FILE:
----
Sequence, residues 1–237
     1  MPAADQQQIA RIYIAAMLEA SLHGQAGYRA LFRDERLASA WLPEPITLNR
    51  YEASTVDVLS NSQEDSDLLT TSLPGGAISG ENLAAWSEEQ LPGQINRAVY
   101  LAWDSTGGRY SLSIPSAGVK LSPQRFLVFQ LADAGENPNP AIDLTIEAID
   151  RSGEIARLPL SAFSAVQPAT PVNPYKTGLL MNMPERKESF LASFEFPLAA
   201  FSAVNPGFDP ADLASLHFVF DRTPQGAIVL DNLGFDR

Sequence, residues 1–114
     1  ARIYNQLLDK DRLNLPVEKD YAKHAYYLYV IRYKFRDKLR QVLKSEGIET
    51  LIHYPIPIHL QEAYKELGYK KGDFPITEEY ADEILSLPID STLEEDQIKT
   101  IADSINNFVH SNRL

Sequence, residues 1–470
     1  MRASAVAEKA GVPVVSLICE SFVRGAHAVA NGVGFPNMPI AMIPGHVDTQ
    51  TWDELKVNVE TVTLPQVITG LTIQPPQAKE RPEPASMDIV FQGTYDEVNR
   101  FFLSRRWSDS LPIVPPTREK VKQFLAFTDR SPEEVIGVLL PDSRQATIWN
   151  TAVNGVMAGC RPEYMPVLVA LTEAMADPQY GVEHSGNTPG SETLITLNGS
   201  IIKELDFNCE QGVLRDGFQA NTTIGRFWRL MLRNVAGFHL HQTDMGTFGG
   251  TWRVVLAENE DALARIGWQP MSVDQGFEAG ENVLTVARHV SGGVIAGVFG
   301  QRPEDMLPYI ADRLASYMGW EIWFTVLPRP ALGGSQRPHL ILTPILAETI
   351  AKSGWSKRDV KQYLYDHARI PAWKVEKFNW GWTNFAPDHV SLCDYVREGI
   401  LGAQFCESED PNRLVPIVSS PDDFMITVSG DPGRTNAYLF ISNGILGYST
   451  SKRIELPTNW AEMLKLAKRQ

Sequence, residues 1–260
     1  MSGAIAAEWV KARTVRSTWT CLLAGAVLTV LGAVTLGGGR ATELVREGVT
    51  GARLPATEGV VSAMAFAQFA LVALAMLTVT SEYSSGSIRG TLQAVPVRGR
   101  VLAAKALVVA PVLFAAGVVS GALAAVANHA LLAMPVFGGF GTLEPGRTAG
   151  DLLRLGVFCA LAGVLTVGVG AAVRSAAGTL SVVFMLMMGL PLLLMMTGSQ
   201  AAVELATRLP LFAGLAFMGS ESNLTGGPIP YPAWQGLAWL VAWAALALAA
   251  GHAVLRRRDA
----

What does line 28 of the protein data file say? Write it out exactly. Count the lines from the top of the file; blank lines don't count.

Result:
   251  GHAVLRRRDA